Is John C. Williams, president of the Federal Reserve Bank of San Francisco, failing up?

Better Markets, a non-profit organization that advocates for the public interest on Wall Street, says a potential promotion by Williams to lead the Federal Reserve Bank of New York would reward failure - because the San Francisco Fed failed to prevent widespread customer abuses at San Francisco-based banking behemoth Wells Fargo & Co. (WFC - Get Report) , which it's supposed to supervise. He made the comments after the Wall Street Journal reported that Williams, 55, is the New York Fed's top pick to replace retiring President Bill Dudley.

The New York Fed branch is the biggest in the country, accounting for about $2.5 trillion, or 56%, of the Federal Reserve System's total assets at the end of 2017. The San Francisco Fed, by comparison, had $568.7 billion of assets. The New York Fed plays key roles in the oversight and management of U.S. payment systems and money markets, and it houses the nation's main gold vault. And the New York Fed president has a permanent seat on the Federal Reserve's interest-rate-setting committee, whereas heads of the other regional branches have to share rotating seats. 

Kelleher's comments are pertinent because the New York Fed also supervises the big Wall Street banks JPMorgan Chase & Co. (JPM - Get Report) , Citigroup Inc. (C - Get Report) , Goldman Sachs Group Inc. (GS - Get Report) and Morgan Stanley (MS - Get Report) , in addition to the key New York operations of foreign banks like Germany's Deutsche Bank AG (DB - Get Report) , Switzerland's UBS AG (UBS - Get Report) and the U.K.'s Barclays Plc (BCS) . These firms were at the heart of the financial crisis of 2008, during which the global banking system nearly collapsed.

"After being AWOL and failing to stop Wells Fargo's decade-long illegal conduct, the President of the San Francisco Fed should not be promoted to be president of the most important regional office in the entire Federal Reserve System," Better Markets President Dennis Kelleher said in a statement. "That would reward failure and send the wrong message to the biggest banks in the country that the Fed really does not take supervision seriously."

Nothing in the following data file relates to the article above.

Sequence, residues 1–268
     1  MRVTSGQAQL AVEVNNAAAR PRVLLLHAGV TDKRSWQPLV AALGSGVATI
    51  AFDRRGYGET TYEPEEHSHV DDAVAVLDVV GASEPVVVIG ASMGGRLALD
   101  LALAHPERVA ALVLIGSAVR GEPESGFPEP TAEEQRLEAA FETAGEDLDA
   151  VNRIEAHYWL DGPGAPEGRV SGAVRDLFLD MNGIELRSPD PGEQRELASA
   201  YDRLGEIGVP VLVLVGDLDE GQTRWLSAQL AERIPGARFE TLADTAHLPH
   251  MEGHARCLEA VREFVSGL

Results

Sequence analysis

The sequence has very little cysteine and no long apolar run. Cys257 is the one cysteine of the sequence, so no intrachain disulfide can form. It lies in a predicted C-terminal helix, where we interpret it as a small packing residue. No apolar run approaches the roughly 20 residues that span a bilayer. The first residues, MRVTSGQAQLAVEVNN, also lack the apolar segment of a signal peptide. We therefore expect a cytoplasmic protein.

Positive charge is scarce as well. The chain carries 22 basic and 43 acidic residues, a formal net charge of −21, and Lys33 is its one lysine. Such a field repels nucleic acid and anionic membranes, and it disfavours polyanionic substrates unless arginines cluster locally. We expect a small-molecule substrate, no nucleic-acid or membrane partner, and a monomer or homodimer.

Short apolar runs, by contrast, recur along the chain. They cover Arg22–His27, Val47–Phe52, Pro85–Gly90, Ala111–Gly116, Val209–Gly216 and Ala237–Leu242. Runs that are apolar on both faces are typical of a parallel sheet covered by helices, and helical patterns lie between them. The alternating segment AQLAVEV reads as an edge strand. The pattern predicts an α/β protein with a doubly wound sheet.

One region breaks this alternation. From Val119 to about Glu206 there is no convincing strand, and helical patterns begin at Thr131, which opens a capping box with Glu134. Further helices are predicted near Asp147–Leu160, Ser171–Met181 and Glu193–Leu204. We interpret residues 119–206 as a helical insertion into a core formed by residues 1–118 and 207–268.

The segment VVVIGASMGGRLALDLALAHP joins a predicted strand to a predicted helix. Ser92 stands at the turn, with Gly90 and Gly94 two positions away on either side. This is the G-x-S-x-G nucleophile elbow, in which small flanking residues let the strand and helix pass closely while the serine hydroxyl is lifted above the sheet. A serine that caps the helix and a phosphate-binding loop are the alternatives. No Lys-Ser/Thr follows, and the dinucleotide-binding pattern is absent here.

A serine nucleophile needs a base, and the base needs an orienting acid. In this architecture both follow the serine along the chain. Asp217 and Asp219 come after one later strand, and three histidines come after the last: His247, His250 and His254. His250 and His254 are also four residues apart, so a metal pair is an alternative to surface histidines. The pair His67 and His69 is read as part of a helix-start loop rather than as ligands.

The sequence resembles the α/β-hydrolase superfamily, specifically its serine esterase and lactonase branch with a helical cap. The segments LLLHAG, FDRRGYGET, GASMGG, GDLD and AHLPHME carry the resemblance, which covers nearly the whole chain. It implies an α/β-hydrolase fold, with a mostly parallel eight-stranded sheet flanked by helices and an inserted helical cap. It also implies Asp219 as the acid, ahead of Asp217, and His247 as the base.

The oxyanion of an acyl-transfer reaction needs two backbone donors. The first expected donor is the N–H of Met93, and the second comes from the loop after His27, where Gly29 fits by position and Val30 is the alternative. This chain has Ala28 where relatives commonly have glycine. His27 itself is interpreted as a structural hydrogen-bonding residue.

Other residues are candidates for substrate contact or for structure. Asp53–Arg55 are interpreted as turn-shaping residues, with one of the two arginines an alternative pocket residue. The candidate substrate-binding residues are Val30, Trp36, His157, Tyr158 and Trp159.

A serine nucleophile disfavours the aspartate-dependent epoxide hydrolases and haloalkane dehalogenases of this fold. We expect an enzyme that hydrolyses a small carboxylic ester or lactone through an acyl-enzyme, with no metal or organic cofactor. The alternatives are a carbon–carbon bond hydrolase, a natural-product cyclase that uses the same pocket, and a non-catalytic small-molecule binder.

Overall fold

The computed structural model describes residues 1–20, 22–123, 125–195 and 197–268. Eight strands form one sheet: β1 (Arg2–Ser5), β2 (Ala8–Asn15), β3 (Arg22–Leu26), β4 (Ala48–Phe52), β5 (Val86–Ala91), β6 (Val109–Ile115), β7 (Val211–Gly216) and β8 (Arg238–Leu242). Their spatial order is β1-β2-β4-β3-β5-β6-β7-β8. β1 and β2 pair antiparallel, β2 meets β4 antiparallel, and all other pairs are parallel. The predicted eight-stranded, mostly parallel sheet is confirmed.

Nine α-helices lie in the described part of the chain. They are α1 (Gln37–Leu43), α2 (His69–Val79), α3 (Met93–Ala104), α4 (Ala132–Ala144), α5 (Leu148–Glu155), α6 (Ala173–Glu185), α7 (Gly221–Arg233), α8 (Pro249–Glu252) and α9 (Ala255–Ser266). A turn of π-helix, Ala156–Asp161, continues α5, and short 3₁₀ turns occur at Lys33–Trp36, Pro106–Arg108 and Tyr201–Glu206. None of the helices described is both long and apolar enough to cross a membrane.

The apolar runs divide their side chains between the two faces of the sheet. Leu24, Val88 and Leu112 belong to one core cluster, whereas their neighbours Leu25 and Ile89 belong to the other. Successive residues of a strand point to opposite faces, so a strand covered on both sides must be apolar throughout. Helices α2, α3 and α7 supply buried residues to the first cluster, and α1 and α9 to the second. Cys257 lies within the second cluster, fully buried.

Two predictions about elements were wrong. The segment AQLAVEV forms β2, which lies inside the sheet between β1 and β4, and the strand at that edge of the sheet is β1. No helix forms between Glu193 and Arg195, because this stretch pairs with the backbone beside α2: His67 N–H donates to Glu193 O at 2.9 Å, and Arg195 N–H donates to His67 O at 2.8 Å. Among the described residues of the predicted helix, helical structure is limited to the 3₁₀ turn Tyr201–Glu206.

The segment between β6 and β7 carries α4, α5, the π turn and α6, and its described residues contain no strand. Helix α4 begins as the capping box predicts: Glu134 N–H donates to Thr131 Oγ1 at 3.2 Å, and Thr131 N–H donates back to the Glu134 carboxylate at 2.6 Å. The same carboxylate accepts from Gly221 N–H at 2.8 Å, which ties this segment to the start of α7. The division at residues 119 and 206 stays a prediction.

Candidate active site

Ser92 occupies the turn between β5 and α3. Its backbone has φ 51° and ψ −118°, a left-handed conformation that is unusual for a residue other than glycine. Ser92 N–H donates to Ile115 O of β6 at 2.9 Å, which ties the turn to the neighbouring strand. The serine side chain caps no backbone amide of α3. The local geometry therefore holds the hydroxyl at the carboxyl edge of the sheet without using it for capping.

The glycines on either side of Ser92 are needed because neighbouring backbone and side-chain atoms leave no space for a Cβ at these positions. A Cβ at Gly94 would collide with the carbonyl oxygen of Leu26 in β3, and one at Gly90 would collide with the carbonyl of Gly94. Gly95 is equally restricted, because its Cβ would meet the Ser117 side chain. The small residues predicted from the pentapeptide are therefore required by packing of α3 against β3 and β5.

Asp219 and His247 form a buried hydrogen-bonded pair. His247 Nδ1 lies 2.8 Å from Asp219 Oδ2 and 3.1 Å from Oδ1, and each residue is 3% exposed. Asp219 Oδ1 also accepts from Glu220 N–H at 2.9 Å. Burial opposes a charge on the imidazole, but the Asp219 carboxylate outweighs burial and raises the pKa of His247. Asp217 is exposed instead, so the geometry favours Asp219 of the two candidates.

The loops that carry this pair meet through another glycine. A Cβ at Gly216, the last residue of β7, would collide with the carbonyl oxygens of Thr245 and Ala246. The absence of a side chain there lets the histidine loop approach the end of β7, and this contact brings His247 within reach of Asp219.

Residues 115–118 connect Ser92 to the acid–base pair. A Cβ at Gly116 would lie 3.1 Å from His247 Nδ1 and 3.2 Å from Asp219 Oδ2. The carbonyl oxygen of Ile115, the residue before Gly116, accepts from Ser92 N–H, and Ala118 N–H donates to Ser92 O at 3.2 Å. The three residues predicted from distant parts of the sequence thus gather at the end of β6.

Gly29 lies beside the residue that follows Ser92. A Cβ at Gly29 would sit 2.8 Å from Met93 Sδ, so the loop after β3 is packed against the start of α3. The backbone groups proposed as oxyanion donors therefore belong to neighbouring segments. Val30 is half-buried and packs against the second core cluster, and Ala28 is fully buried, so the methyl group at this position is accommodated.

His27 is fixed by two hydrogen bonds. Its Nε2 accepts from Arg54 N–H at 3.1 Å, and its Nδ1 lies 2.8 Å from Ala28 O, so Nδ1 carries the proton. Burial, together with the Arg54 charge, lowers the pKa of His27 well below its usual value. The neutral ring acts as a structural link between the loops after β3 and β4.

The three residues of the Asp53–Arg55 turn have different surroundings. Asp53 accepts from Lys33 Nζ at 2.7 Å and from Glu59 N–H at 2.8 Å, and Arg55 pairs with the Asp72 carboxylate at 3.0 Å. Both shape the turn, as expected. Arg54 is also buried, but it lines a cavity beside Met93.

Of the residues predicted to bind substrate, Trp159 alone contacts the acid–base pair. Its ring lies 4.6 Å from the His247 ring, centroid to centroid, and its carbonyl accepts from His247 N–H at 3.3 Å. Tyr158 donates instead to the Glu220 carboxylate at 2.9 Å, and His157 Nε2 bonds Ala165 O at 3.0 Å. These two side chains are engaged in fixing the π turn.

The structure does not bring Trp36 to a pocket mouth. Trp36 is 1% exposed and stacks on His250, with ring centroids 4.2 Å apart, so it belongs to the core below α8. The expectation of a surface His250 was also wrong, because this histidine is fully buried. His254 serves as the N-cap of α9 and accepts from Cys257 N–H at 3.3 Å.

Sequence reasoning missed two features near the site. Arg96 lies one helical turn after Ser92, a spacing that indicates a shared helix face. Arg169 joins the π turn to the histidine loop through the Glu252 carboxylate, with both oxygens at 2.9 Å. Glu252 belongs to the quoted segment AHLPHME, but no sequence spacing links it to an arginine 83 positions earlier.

Spokesmen for the San Francisco Fed and New York Fed declined to comment.

Sara Horowitz and Glenn Hutchins, co-heads of the search committee for the next New York Fed president, said last week in a statement that they had narrowed the list of candidates to a "handful." The final choice must be approved by the Federal Reserve Board of Governors. 

Williams took over the San Francisco Fed in 2011, just as Wells Fargo, by its own admission, was ramping up pressure on employees to aggressively cross-sell banking products to customers, and millions of unauthorized accounts were opened to meet exacting sales targets. The bank didn't face sanctions over the matter until 2016, when the U.S. Consumer Financial Protection Bureau, Office of the Comptroller of the Currency and the City and County of Los Angeles imposed $185 million in fines.

In February, the Federal Reserve Board in Washington imposed an unprecedented ban on further asset growth at Wells Fargo until Wells Fargo improves board oversight and risk management.

Williams joined the San Francisco Fed in 2002 as director of research, according to the bank branch's website. Previously he was an economist with the Federal Reserve Board of Governors.  

According to Better Markets, the San Francisco Fed has hundreds of staff assigned to supervise Wells Fargo on a daily basis.

"The San Francisco Fed either did not know this was happening under its nose or knew but did nothing to stop it," Kelleher said in the statement. "That alone should be a disqualification for any promotion, but it is compounded by the fact that there has been no accountability for anyone at the San Francisco Fed or public disclosure of how such an egregious failure of supervision and regulation could happen or last for so long."

He also called for a "full public airing of the secretive and flawed process at the New York Fed that resulted in the recommendation to reward such failure."

The choice of Williams, who is a white man, also may disappoint observers who had advocated for a woman or minority candidate to fill the New York Fed role. 

The search committee, in presentations on the New York Fed's website, had touted efforts to find qualified women and minority candidates. 

In last week's statement, Horowitz and Hutchins reiterated that they were "committed identifying a diverse slate of potential candidates and interviewing a range of candidates reflecting the diversity of the qualified candidate pool," and that interest in the job has come from people with "demographic and gender diversity."